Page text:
In 2010, while states across the nation wrestled with possible legislation to legalize marijuana, Alyson Martin and Nushin Rashidian graduated from Columbia Graduate School of Journalism and decided to tie their future to covering cannabis by criss-crossing the country in a red Volkswagon to document the historic efforts.
One year, a lot of reporting and 13 states later, their enriched understanding of the public’s changing personal and political perspectives led to a grant for an interactive game, a website focused on the trendy topic and plentiful material for a book.
In 2014 they produced a book titled “A New Leaf: The End of the Cannabis Prohibition.” Now with that behind them, sometime this year Martin, 29, and Rashidian, 27, plan to relaunch their website into a broader portal covering the economic, criminal and health facets of cannabis and efforts to legalize it. Their Cannabis Wire portal seeks contributors nationwide.
Rashidian spoke with American Journalism Review on this emerging industry and how she thinks journalists should cover it. Below are short excerpts of her remarks, lightly edited and reorganized for clarity.
WHAT NEEDS TO BE COVERED
“What Alyson and I want to do is really guide the national conversation using our six or so years of expertise. … Some of the humor around cannabis needs to go away. … There’s a real problem with inconsistent terminology alone. A lot of people use decriminalization and legalization interchangeably. That’s not how we, as a country view legalization. When we say ‘legalize,’ we think legalize and regulate. Reporting needs to go a level deeper. We need to get more into how to legalize, what are the options for tax structures, options for where tax revenues go.”
CANNABIS AS A BEAT
“We want to get away from this idea that cannabis is a beat unto itself. We really try to drive home that it’s an intersection of [ a lot of topics like] health, technology – [like] how technology is changing the way cannabis is grown, processed, consumed.
“This isn’t just about being a cannabis enthusiast; it’s an issue that affects all of these issues we talk about as a country. … As this issue becomes more mainstream, naturally there’ll be a need to pay more attention to it.”
RIDING A SOCIO-POLITICAL WAVE
“Our timing was unique in that we saw the very beginning of the maturation of the industry. We met [a lot of] mom-and-pop business people [who now] operate multimillion-dollar companies. Watching everything unfold very literally before our eyes leads to a certain level of understanding that you can’t replicate. We immersed ourselves in each state. We got to know its culture and the people, from the libertarian heartbeat of Maine to the liberal environment of Vermont.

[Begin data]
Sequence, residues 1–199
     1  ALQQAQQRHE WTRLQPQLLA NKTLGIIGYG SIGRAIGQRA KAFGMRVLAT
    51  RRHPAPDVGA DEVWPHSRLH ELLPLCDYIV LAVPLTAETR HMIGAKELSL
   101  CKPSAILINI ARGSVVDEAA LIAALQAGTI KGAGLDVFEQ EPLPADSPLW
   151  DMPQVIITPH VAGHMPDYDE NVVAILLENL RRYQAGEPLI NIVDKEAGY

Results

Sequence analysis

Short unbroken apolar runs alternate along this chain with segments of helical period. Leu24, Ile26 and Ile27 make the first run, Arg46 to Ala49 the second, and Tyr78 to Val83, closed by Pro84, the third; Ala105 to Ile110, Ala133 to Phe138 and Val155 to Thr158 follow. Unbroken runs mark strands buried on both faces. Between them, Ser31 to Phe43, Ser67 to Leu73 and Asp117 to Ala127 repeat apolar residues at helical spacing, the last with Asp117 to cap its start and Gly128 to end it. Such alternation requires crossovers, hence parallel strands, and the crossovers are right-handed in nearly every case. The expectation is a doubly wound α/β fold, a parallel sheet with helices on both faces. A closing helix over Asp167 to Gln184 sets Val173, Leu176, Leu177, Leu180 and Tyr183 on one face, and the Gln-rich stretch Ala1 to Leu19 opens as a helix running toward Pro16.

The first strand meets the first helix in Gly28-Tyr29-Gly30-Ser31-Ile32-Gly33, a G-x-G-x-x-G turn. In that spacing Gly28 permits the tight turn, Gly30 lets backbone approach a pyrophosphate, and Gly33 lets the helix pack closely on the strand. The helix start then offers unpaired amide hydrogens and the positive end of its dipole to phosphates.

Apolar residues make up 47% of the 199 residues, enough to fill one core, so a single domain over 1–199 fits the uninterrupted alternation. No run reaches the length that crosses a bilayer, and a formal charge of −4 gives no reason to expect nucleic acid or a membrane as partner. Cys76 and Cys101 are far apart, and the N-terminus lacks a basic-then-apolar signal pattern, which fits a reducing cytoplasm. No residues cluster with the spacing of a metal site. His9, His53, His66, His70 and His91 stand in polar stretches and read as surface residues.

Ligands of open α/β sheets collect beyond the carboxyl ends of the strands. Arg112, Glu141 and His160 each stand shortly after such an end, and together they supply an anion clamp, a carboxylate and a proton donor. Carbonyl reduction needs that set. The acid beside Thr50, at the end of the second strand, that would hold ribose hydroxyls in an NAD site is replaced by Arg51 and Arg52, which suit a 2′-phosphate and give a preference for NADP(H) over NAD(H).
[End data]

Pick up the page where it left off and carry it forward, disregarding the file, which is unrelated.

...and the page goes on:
“I’m a big fan of getting feet on the ground. Were not going to have a bunch of [reporters] sitting in New York calling sources; we want people [writing for us from] around the country. If you don’t know the local culture and [those] involved, your story will only go an inch deep.”
ON THEIR TARGET AUDIENCE
“My hope … is to get the people who wouldn’t ordinarily read about cannabis. It’s all but guaranteed that this movement, if it’s not already in their state, is going to get there. The more they know, the more of a role they can play in determining what that looks like. It’s about engaging as many people as you can with this conversation. That’s not going to be accomplished through treating this as a beat, but as something that [blends] topics people care about.”
THE REBIRTH OF CANNABIS WIRE
“As soon as we got off the road, we received a grant through the Brown Institute for Media Innovation. Because the grant is innovation-driven, we focused on one innovative project and created an interactive news game that challenges players to grow cannabis while not harming the environment. Once we finished that, and we went head first into building the business plan for the news site and how to fund this now.”
CANNABIS WIRE’S APPROACH
“It’s going to be like [other] news organizations today – whatever format that best fits the story because we have so many tools available to us these days. News organizations should be asking, ‘Is this best visualized? Is it best as an 800-word story? Is this best as a video?’ That’s how we’re going to move forward – anything from long form to a quiz, whatever we think is going to meet our needs.”